A happy team makes the dream: How to deal with staff nightmares
Dr. Marc Rosenberg is the director of the Voorhees Veterinary Center in Voorhees, New Jersey.Growing up in a veterinary family, he was inspired to join the profession because his father was a small animal practitioner. Dr. Rosenberg has two dogs and three cats.In Dr. Rosenbergs private time, he enjoys playing basketball and swing dancing with his wifethey have danced all over the world, including New York City, Paris and Tokyo. Dr. Rosenberg has been a member of the Screen Actors Guild and the American Federation of Television and Radio Actors for more than 30 years. He has hosted two radio shows, a national TV show and appeared in over 30 national TV commercials, all with pet care themes.
One veterinary surgeons yells. The other plays music. Team members dislike both. Heres some advice on how to clear the air and create compromises.
Health Way Veterinary Clinic has five veterinarians, 13 technicians and all the challenges that come with being a successful suburban practice. Like in many midsized veterinary practices, staff issues are the most taxing aspect of practice management.
Of the five staff veterinarians, two perform most of the surgical procedures. They aren't board surgeons but have a strong interest in and preference for surgery. Since these two vets spend so much time in the surgery suite, they try to make their surroundings as comfortable as possible-after all, a happy surgeon is an efficient surgeon. Five trained technicians are assigned specifically to assist in surgery. As opposed to other clinic functions, the surgical team spends long hours in close proximity literally working hand in glove. No problem!
Except that one of the surgeons is extremely intense while performing procedures.
Every minor misstep is met with harsh criticism toward the team member. In addition, when this surgeon encounters frustrating surgical issues, cursing and expletives ricochet around the room. Some team members view this behavior as part of the surgeon's “process.” After all, the cursing and venting ultimately assist him in achieving the quality results that he demands. However, other members of the team see his behavior as rude and childish, even bordering on creating a hostile work environment.
Clinic management has dealt with this issue by rearranging the surgeon's staff support. Team members who don't mind the aggressive methods are assigned to his surgeries, while the others are placed with surgeon number two.
The other surgeon takes on the operating room with an entirely different approach. Rather than the jarring sound of expletives, she prefers to hear music in the surgery suite. This preference is also frowned upon by team members who don't care to listen to music while working. Surgeon number two accommodates them by wearing earbuds so as not to offend anyone. This has solved one problem but created another, as it has become difficult for staff to get her attention when patient parameters suddenly change.
Both of these situations are brought up in a team meeting. The surgical technicians point out that surgical procedures are more of a team effort than any of the other clinical disciplines in the hospital. They also note that in order for the team to succeed, they must cooperate. Team members state that vulgarity and inappropriate music don't contribute to a positive work environment.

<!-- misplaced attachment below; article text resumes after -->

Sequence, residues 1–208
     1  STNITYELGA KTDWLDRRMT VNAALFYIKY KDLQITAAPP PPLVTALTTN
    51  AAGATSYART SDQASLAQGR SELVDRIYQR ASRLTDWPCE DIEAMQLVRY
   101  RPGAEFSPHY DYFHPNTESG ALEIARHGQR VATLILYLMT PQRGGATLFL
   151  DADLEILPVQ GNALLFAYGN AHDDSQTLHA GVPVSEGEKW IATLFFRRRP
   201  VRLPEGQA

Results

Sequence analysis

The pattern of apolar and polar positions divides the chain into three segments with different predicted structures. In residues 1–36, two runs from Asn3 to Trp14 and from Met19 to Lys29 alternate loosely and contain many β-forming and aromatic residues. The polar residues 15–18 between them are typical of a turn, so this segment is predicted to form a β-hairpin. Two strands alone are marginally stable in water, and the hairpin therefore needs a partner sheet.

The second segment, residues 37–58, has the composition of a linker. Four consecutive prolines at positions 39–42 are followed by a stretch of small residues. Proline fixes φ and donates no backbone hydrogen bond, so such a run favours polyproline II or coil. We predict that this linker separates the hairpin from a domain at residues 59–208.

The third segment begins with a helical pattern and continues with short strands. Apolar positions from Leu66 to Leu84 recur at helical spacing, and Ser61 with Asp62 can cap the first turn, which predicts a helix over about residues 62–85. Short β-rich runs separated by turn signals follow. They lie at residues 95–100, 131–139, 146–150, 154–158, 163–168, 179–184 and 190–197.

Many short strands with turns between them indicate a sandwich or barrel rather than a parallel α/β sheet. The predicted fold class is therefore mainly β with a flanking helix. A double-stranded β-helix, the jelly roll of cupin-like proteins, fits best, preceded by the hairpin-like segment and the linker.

The two surgeons respond by stating that they never intended to make any team members uncomfortable. None of their actions are meant to be personal affronts to their coworkers. They claim that these “outlets” contributed to their surgical success.
The meeting clears the air and a compromise is reached. The vulgar surgeon will try to rein in his outbursts while continuing to work with a hand-picked team that doesn't find his verbiage distracting. The music-loving surgeon maintains her need for music while doing surgery, but agrees to get approval of her music selections with the team that was assisting her.
As with all compromises, not everyone is completely happy. One thing the group does agree on is that the patients are lucky to sleep through the procedures.
Are you happy with these resolutions? We'd like to know.
Dr. Rosenberg's response
Whenever the question of team demeanor arises, I always have the same recommendation: When in doubt, put on your professional hat. We spend many hours every week in the workplace. Mistakes are made and lapses in judgment occur. Professional demeanor doesn't condone vulgar language and emotional expletives in a clinic. Professional behavior doesn't condone one coworker's desire for self-comfort at the expense of others.
In a nutshell, these surgery vets are being indulged because they bring a unique skill to the hospital. Instead of a compromise that allows them to maintain their unprofessional behavior, management should provide assistance to help them correct their shortcomings. Both of them should put on their professional hats. This will ultimately make them better surgeons, better team members and better people.
Dr. Marc Rosenberg is director of the Voorhees Veterinary Center in Voorhees, N.J. Although many of his scenarios in “The Dilemma” are based on real-life events, the practices, doctors and employees described are fictional.